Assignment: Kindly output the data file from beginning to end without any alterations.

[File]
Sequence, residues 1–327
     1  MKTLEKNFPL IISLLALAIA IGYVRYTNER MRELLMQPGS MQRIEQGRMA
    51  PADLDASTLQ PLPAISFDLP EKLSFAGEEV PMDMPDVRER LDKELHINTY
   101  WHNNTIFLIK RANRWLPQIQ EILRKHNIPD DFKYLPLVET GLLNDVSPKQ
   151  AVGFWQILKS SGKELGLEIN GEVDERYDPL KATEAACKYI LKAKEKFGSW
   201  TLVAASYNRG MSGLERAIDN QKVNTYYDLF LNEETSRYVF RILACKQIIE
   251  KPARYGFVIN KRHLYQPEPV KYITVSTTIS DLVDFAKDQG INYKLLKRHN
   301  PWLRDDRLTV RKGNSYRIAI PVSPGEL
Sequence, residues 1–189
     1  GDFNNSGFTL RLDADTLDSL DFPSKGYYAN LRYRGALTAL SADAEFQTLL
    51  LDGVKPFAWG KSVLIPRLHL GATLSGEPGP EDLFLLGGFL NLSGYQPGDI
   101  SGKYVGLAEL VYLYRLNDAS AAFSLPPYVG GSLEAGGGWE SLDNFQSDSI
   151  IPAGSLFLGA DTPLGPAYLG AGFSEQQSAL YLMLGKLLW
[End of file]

Sequence, residues 1–327
     1  MKTLEKNFPL IISLLALAIA IGYVRYTNER MRELLMQPGS MQRIEQGRMA
    51  PADLDASTLQ PLPAISFDLP EKLSFAGEEV PMDMPDVRER LDKELHINTY
   101  WHNNTIFLIK RANRWLPQIQ EILRKHNIPD DFKYLPLVET GLLNDVSPKQ
   151  AVGFWQILKS SGKELGLEIN GEVDERYDPL KATEAACKYI LKAKEKFGSW
   201  TLVAASYNRG MSGLERAIDN QKVNTYYDLF LNEETSRYVF RILACKQIIE
   251  KPARYGFVIN KRHLYQPEPV KYITVSTTIS DLVDFAKDQG INYKLLKRHN
   301  PWLRDDRLTV RKGNSYRIAI PVSPGEL
Sequence, residues 1–189
     1  GDFNNSGFTL RLDADTLDSL DFPSKGYYAN LRYRGALTAL SADAEFQTLL
    51  LDGVKPFAWG KSVLIPRLHL GATLSGEPGP EDLFLLGGFL NLSGYQPGDI
   101  SGKYVGLAEL VYLYRLNDAS AAFSLPPYVG GSLEAGGGWE SLDNFQSDSI
   151  IPAGSLFLGA DTPLGPAYLG AGFSEQQSAL YLMLGKLLW